Documentary Quebranto about sexual diversity at Teatro Santa Ana
By Jesús Ibarra
On the occasion of its 60th anniversary, La Biblioteca is presenting several exclusive events each month, with an open invitation to the general public.Cine/Film Quebranto (Disrupted), documental/documentary Español/Spanish with English subtitles Talk with director Roberto Fiesco/Plática con el director Roberto Fiesco Fri, Apr 4/Vie, Abr 4 7pm Teatro Santa Ana Reloj 50-A Donation/Cooperación: 30 pesos
April starts with the exclusive presentation of Quebranto (Disrupted), a documentary by Mexican director Roberto Fiesco that has triumphed in various film festivals. Among the awards it has received is the Maguey Award 2013, wich recognizes film productions on sexual diversity at the International Film Festival in Guadalajara (FICG).
Disrupted is a documentary with a special narrative that makes it seem fictional. It tells the story of Doña Lilia Ortega and her son, Fernando García Ortega (“Pinolito”), a child actor in the Mexican cinema of the 1970s, who took part in films such as Fe, esperanza y caridad (Faith, Hope and Charity), by Jorge Fons, playing opposite Katy Jurado, and The Children of Sanchez by Hal Bartlett, opposite Anthony Quinn, among other movies.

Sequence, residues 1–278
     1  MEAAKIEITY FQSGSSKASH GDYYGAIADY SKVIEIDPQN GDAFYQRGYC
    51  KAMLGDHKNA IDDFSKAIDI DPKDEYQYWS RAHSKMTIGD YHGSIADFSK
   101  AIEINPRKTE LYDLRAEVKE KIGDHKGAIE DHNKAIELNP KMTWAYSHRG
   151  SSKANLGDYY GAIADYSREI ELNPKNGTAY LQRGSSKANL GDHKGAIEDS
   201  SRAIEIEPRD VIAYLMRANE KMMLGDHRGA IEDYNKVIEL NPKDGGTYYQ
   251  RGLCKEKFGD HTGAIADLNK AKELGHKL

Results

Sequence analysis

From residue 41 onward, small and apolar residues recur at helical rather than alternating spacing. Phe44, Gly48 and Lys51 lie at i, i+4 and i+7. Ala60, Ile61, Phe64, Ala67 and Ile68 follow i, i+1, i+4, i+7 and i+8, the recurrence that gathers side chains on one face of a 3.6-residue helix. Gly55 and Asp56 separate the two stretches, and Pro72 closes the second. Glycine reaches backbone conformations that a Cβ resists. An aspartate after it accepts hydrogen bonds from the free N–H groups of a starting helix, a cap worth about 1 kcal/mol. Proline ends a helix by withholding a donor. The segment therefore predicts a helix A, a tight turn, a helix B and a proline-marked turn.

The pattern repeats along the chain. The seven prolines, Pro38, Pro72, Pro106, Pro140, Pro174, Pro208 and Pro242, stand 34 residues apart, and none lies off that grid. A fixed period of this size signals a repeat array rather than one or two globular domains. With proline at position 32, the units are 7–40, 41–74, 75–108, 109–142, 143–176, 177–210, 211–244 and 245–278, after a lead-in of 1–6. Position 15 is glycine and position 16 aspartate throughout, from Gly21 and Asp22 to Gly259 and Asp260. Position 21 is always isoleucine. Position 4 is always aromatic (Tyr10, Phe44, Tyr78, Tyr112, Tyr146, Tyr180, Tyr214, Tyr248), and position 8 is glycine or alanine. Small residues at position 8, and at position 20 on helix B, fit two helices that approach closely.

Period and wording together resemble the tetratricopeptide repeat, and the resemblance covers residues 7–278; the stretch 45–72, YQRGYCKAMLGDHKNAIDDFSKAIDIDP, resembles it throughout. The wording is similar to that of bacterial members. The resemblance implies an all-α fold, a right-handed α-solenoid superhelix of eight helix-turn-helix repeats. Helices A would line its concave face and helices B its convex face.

As an adult, Fernando revealed his sexuality and “ceased to be a boy to become a girl,” transformed into Coral Bonelli. Today she lives with her mother in an old apartment in Garibaldi and has made a living by participating in transvestite shows and choreographing parties for 15 years-old girls. The film has beautiful and well-realized sequences, such as one that inserts shots of Katy Jurado, who played Pinolito’s mother in Fe, Esperanza y Caridad, walking in the street, dressed in black, into shots showing Coral dressed like Katy and walking the same streets as an off-screen voice talks about the mother–child relationship. Disrupted is fun and heartbreaking as well. It is a touching story, well spun by Fiesco, ranging from the beginnings of Fernando on the screen to the prostitution of Coral in the streets, with good photography and lighting, portraying every line that crosses the face of Doña Lilia.
“It’s an emotional journey with poignant, dramatic and terrible moments; they have lived through very difficult situations, such as death, illness, defeat and frustrated hopes. But amidst all the drama there is also a deep sense of humor and an endearing relationship between them, which is touching for the public,” said Fiesco, who has just won another award at the Cartagena Film Festival for his short film Estatuas (Statues).
Disrupted will be showcased at the Teatro Santa Ana on Friday, April 4, at 7pm, in Spanish with English subtitles. The film’s director will talk with the audience after the screening.